"Blockchain" is one of the hottest buzzwords du jour. When most people hear the term and think of blockchain use cases, they think about the wild, speculative world of Bitcoin and cryptocurrencies. The application of blockchain technology for solving real problems in the IT world is less likely to come to mind. Yet, if I were to place a bet about blockchain's long-term value, it would involve the way in which blockchain can be used to create new solutions for old IT problems, especially in the realm of data management. Essentially, the real value of blockchain technology lies in providing a new, more efficient kind of database. Here's why.
What Is a Blockchain?
In case you have somehow managed to avoid reading about blockchain technology and blockchain use cases during the last decade, here's a quick definition: A blockchain is a special kind of database that stores data (and sometimes compute resources) across a decentralized network of nodes.
Blockchain is most famous for its association with Bitcoin, the digital currency that stores transactions on a blockchain.
If you follow blockchain news more closely, however, you also know that a number of companies are leveraging blockchain technology to solve problems that are unrelated to digital currency. These companies include tech giants like IBM and Google, but also businesses in industries like healthcare and energy.
Blockchain's Uncertain Future
There is no shortage of heady predictions about how blockchain will--or will not--upend these various industries and what the potential for blockchain use cases is. For now, however, most projections about the value of blockchain remain just that: projections. Relatively few companies have put blockchain technology to work in a real, large-scale way; most are just experimenting with it.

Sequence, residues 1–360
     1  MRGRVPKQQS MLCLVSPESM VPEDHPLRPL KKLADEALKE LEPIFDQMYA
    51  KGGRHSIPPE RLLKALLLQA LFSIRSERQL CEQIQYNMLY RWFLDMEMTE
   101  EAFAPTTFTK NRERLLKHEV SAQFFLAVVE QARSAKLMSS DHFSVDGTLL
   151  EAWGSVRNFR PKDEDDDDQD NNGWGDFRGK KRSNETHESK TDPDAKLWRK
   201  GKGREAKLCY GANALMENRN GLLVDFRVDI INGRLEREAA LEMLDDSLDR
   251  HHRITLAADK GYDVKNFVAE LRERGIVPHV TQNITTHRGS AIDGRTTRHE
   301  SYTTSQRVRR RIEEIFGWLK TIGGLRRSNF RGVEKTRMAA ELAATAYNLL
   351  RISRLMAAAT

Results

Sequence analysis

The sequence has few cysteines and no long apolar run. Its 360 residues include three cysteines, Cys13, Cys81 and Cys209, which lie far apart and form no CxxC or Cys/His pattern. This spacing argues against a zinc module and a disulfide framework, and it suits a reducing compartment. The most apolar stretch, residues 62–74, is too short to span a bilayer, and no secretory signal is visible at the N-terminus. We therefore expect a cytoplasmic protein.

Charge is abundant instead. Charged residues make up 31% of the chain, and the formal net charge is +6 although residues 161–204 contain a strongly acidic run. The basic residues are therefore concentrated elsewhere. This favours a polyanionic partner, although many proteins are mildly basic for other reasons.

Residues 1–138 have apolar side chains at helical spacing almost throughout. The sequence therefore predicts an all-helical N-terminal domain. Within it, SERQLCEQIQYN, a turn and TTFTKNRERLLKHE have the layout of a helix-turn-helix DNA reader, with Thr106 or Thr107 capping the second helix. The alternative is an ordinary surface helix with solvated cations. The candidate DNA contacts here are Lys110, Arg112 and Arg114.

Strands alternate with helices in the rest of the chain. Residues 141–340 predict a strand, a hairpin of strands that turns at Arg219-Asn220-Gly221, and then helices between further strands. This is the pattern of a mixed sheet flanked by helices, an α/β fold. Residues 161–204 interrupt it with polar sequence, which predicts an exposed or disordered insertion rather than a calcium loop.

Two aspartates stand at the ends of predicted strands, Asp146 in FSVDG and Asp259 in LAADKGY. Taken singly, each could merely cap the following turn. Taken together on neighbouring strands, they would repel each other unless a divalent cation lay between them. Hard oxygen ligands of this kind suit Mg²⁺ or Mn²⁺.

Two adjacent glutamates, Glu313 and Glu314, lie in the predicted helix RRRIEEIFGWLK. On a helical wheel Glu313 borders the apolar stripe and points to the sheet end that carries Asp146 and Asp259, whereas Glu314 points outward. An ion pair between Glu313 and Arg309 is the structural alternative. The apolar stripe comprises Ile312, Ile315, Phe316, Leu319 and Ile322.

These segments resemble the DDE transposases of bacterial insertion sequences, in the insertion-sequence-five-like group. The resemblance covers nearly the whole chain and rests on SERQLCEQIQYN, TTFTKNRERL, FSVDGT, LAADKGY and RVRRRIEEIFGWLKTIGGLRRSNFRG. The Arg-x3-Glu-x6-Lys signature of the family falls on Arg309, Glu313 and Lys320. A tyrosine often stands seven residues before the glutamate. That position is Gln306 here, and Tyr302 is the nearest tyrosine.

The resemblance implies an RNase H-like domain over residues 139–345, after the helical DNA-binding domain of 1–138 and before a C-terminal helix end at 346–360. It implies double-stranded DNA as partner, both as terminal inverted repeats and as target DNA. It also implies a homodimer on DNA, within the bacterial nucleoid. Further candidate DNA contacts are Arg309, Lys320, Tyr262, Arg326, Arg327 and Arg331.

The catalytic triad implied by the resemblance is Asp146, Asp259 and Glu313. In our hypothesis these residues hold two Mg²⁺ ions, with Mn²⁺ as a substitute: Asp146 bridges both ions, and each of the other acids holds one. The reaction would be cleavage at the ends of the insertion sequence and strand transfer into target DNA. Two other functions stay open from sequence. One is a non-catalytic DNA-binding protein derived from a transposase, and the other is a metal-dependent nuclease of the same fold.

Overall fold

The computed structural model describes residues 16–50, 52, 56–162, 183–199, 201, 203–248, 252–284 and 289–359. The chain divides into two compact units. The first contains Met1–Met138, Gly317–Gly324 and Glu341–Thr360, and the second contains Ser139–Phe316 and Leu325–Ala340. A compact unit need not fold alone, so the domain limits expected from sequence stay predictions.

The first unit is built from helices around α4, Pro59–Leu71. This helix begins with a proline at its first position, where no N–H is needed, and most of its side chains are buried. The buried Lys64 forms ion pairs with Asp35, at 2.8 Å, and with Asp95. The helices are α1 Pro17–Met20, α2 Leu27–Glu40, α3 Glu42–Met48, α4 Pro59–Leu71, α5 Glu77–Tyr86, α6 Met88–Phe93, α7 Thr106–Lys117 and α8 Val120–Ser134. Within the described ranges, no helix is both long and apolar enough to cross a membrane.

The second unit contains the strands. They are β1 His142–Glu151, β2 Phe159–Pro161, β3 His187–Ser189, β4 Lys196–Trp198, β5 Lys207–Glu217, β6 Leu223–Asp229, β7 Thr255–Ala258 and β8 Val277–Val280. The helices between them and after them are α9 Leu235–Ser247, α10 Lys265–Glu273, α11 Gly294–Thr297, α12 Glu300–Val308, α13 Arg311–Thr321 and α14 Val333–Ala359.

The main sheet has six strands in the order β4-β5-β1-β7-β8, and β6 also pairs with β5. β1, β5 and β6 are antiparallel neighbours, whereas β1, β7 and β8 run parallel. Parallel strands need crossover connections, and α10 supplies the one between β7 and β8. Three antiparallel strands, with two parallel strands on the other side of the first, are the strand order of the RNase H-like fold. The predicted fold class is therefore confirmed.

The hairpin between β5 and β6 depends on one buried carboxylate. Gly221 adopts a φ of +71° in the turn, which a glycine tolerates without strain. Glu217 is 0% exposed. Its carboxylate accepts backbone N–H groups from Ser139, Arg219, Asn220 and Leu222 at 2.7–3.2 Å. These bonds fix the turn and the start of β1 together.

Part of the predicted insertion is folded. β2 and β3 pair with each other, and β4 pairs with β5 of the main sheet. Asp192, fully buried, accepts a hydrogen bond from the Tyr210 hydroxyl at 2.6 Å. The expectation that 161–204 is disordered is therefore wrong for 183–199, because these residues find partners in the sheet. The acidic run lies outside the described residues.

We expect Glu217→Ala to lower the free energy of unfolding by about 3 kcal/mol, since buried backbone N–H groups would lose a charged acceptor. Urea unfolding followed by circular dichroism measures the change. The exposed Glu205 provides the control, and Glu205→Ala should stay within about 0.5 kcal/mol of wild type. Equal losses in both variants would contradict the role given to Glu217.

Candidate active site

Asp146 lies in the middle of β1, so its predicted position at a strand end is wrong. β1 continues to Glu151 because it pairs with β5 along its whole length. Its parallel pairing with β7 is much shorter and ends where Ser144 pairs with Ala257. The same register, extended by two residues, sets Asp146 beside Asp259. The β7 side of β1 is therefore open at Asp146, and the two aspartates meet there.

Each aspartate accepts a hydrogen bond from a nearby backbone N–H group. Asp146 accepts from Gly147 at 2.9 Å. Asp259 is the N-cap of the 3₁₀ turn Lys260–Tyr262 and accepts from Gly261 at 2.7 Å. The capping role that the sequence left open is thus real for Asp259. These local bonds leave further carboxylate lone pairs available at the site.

Meanwhile, the value of Bitcoin and other blockchain-based digital currencies is still being driven almost entirely by speculation. These currencies have yet to achieve widespread adoption for real-world payments, and it's unclear whether they ever will. (I'm pretty bearish about Bitcoin's long-term viability, and I say that as someone who owns some Bitcoin.)
This is all to say that blockchain's future is unpredictable at best. It seems pretty unlikely that all or even most of the applications of blockchain technology that are being tested today will end up proving valuable in the long run.
Blockchain vs. Your SQL and NoSQL Databases
Yet, there is one particular type of widespread problem that blockchain technology seems better positioned to solve: data management.
If you look around the IT world today, you'll notice that data management solutions haven't really changed in a fundamental way in decades. SQL databases remain the go-to database solution, as they have been for years. So-called NoSQL databases offer somewhat more flexibility, but they still perform the same core functions of SQL-style databases.
From an IT management and business-value perspective, conventional databases pose several problems: